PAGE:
Weapons on display

Last Updated 16 June 2012, 19:21 IST

Rachna Bisht-Rawat speaks to military man  Wills Willis on the evolution of weaponry, as showcased in Discovery Science’s latest offering, ‘Triggers’.

The AK-47, also known as the single most deadly firearm in history with the world’s highest body count, is one of modern times’ most favoured weapons.

It has been seen in the hands of soldiers, terrorists, and most famously SEAL Team Six in their mission to hunt down the world’s most wanted terrorist, Osama Bin Laden. Want to know more about the Cold War creation? Ask Army Ranger and Air Force Para-rescueman Wil Willis. In his new show Triggers: Weapons That Changed The World, showing on Discovery Science, Willis unravels the history of modern warfare and introduces viewers to firearms that changed the face of combat forever.

These killer beauties include battle rifles from the musket to the modern day sniper rifle, submachine guns, artillery, the AK-47 and even Rocket Propelled Grenades (RPGs)With access to the top firearms collections in the world, Willis takes viewers on an all-inclusive look into each weapon as he examines, tests, critiques and fires each one and reveals how its development changed the face of combat forever.

The first question one would like to ask Willis is, naturally, what draws him to ugly, life-taking weapons in a world that one wishes would move towards peace? “For me, personally, what makes them so interesting is the idea that somebody can hold such power in their hands and use that power for good or evil. To me that’s fascinating,” he says. “Obviously, I would prefer to use that power for good. The evolution of warfare from the time when we were throwing stones at each other to where we are now is also very interesting.”


Triggers doesn’t take any moral high ground. It just analyses the history behind weapons and tells us bluntly that each weapon had an antecedent that sparked its development, as well as a successor that improved upon its technology — or was developed in response to its supremacy. Each was developed for one reason: to kill.

In non-emotional words: to gain a competitive edge over the enemy. The winner was obviously the fighter with the biggest, best or fastest weapon.

In the series, Willis is joined by historical and technical experts to test iconic firearms and examine what made each one unique. This he says is what gives him a kick.

“I have interesting people show up with interesting weapons, and my guests have more knowledge about their speciality weapon than I could ever have. I really love to talk to these people and pick their brains about everything they know, and ask questions that I think people who don’t know anything about guns might ask, and then, we get to shoot the gun.”

Gun-mounted cameras and high-speed photography are used to capture the bullet’s trajectory, featuring its explosive escape from the barrel to the impact made on its target. “Most days, I feel like I have the greatest job in the world,” grins Willis. Not surprising for a guy coming from a very military background. “I was in the military for 15 years from the ‘90s all the way up until 2008, so a lot of my weapons experience is with current weapon systems,” he says.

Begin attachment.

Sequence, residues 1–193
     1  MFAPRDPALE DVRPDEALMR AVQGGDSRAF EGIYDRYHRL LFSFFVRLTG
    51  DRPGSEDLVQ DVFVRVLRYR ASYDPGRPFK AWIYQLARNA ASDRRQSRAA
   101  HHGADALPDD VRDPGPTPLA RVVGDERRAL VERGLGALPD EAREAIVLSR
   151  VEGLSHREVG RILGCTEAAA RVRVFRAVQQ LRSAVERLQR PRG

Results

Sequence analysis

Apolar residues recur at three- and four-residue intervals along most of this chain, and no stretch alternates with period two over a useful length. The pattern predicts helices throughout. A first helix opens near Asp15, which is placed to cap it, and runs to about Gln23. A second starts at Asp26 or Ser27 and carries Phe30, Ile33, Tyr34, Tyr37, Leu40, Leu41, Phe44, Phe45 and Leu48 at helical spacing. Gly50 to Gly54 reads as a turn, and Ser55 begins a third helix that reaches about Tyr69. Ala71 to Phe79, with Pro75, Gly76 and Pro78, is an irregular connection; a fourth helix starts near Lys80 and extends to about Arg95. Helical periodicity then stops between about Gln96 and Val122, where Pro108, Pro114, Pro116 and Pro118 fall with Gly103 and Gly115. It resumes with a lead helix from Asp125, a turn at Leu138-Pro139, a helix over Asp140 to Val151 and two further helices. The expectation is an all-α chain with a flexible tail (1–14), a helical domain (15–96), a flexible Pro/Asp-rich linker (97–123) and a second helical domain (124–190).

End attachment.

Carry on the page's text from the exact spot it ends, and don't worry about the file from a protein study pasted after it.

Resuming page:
Sub-machine gun, the preferred weapon of soldiers, gangsters, law enforcement and terrorists all over the world, was invented to “sweep the trenches” and break the stalemate of World War I.

It gave us the father of all submachine guns — the Thompson, a true game changer that in the hands of a skilled, brave soldier has meant the difference between success and failure. Colt M1911, the most admired and influential pistol of the 20th Century, triggered by centuries of innovations, was invented in a time where soldiers were still riding horseback into battle.

Near the end of World War I, U S Army Corporal Alvin York killed six charging enemy soldiers with a Colt 45 semi-automatic pistol. It was the official side arm of the U S military for 75 years, and 100 years after its introduction.

Similarly, M777 Howitzer is one of the most potent pieces of artillery in combat today and yet it is a direct descendant of the simplest ancient cannon.

So what are the successors of modern weapons that shall surprise us in the future with their precision and power? “When I came into the U S military in 1993, the primary weapon that was being issued was the M16-A2, and now we’ve moved up to the M4 Carbine, which is a variation on the same thing. It’s shorter.

It’s more stealth oriented. It’s lighter. It has a rail system that you can integrate all these attachments on to. There has been an evolution in the weapon system.

There’s night vision and these heat scopes and stuff like that have made this weapon more effective in today’s warfare,” says Willis, explaining the evolution. Since this writer is not a weapons person, it doesn’t impress much, but for those interested in the evolution of the most deadly weapons of the world, Triggers is the program and Willis the man.

Triggers airs on Discovery Science every Monday at 10.30 pm.

(Published 16 June 2012, 12:59 IST)

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